A practice’s second highest fixed expense behind payroll is typically its lease or mortgage. This expense is also the most negotiable. Negotiating the right terms can set your practice on the right path by minimizing overhead and out of pocket expenditures. By effectively restructuring your lease, you could drastically improve your bottom-line without working more hours, seeing more patients, buying more equipment, or cutting more expenses.
Evaluate long term priorities. Look at your big picture to determine whether it makes sense to buy, renew your lease, relocate to a new space, add another office, or none of the above. Consider your business plan and if the space allows you to grow at the pace you anticipate with flexibility for expansion, if needed.
Negotiate. When renewing or extending a current lease, it is imperative to take full advantage of the opportunities afforded in today’s commercial real estate market. Landlords are offering concessions to tenants (lower rental rates, free rent, tenant improvement allowances) that if negotiated correctly can be a windfall for the practice. The current state of the market has afforded tenants and buyers of real estate to lock in at rental rates before they continue to increase or purchase property at good values.
Boost economic factors. There are many economic factors that can affect a lease. Depending on the needs of the practice perhaps free rent, a lower base rate, or lower annual escalations can improve the cash flow of the practice. Tenant Improvement dollars from the landlord could help update and modify the space to be more current. Depending on the type of lease and building, an updated base year should be reviewed.
Mitigate risk factors. There are risk factors in a lease that should be analyzed. Was there a personal guarantee that was originally signed with the lease? With each lease renewal another lease renewal option should be negotiated. Finally, is there assignment language and subletting language in the lease that is favorable to the tenant.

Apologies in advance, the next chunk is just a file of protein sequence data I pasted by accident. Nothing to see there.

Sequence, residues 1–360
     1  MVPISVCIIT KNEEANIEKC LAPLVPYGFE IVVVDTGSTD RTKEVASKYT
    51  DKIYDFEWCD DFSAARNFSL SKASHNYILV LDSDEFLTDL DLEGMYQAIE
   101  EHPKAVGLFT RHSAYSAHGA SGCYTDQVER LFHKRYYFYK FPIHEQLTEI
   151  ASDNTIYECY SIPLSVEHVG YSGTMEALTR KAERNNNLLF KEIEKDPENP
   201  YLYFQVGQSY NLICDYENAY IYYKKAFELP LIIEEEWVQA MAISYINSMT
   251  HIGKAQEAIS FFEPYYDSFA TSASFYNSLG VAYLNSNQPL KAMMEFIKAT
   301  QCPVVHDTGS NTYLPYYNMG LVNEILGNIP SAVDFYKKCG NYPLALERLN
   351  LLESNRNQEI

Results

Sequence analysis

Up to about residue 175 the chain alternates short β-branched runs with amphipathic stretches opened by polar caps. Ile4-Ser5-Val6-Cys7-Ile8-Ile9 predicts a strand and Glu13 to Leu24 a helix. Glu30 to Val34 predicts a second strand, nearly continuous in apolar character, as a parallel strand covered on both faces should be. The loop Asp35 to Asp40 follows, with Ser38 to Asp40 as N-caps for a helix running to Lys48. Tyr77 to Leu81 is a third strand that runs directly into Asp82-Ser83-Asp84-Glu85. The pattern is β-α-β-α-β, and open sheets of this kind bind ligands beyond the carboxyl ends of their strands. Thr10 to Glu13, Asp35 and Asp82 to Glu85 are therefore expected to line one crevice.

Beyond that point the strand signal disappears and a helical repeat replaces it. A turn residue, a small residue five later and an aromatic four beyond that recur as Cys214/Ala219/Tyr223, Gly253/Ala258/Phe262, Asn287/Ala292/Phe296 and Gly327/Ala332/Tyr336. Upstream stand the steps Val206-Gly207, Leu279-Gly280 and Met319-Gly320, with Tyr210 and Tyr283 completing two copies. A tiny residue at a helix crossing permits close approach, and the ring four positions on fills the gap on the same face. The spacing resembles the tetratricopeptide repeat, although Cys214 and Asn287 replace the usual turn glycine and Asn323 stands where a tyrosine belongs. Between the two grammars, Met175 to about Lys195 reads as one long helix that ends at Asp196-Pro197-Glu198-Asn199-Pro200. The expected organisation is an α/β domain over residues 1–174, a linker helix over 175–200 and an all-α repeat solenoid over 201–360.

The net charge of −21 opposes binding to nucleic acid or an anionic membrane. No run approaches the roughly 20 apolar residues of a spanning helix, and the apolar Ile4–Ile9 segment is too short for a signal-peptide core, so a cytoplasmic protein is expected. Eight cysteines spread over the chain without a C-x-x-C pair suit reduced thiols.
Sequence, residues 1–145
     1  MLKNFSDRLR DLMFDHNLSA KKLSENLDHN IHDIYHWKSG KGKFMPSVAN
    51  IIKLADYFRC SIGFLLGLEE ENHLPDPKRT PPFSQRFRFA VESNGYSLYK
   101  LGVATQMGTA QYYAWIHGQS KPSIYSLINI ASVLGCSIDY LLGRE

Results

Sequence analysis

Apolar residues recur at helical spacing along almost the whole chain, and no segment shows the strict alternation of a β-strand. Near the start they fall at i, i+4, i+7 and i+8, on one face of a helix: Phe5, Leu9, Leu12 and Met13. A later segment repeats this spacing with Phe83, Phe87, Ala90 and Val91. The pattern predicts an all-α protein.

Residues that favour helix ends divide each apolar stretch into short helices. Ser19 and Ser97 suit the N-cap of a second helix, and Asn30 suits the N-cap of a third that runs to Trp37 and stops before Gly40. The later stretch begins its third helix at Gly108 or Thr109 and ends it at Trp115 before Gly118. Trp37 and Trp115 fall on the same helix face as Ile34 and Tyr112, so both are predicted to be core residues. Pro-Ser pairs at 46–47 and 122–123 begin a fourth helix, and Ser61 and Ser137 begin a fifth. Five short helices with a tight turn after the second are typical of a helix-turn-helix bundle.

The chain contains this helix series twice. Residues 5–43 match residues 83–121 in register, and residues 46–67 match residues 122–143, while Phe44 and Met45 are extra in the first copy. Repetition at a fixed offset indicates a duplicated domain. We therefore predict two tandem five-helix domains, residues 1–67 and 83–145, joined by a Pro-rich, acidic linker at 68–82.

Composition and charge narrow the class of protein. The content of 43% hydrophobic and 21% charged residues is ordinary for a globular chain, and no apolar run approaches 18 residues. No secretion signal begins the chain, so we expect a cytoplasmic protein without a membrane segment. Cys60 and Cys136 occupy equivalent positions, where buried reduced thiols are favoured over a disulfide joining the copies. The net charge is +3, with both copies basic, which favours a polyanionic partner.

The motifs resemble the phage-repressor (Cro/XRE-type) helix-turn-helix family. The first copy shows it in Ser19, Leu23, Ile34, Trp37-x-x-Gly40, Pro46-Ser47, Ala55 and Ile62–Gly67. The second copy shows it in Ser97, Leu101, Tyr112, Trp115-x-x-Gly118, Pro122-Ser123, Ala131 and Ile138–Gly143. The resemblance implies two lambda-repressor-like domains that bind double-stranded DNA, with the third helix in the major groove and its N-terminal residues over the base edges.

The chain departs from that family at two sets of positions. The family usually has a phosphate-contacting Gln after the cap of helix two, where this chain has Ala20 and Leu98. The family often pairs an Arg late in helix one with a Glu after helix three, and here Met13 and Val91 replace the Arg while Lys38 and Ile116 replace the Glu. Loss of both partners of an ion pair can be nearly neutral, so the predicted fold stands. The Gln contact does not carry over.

Enlist the help of an advisor that specializes in healthcare real estate. There’s barely enough time in the day to see all your patients, much less worry about real estate. Don’t go at this process alone or you likely will not be able to get the best terms the market has to offer. It is wise to have an experienced professional on your side navigating this process. Look for an advisor that works exclusively on your behalf to solely represent your interests and not the interests of both you and the landlord. A tenant only broker is compensated by the seller/landlord so you don’t have to pay for their services and yet benefit from them greatly.
Dental, medical, and veterinary offices have their own unique requirements that differ from other tenants. It is important to enlist the expertise of a real estate professional that has experience with healthcare providers and understands your business and the specific needs of your practice. With the right advisor on your side to leverage the market on your behalf, you could literally add thousands of dollars to your bottom-line. Without one (or the wrong one) the opposite could happen. You could potentially put your business into an oppressive lease or compliance nightmare.
If you are considering renegotiating your existing lease (or even if you are not), ask a healthcare real estate specialist for a complementary lease review. You may be surprised by how much of your profit is flying out the window.
About the Author
Andrew Riepe is President and Owner of Crown Tenant Advisors, a regionally based boutique healthcare real estate firm. Andrew has spent his entire commercial real estate career focused exclusively on representing the interests of healthcare providers and has a comprehensive understanding of the unique requirements of dental and medical tenants. He utilizes a strategic approach to real estate, and his expertise lies in providing market knowledge and in depth financial and comparative analyses to achieve optimum results.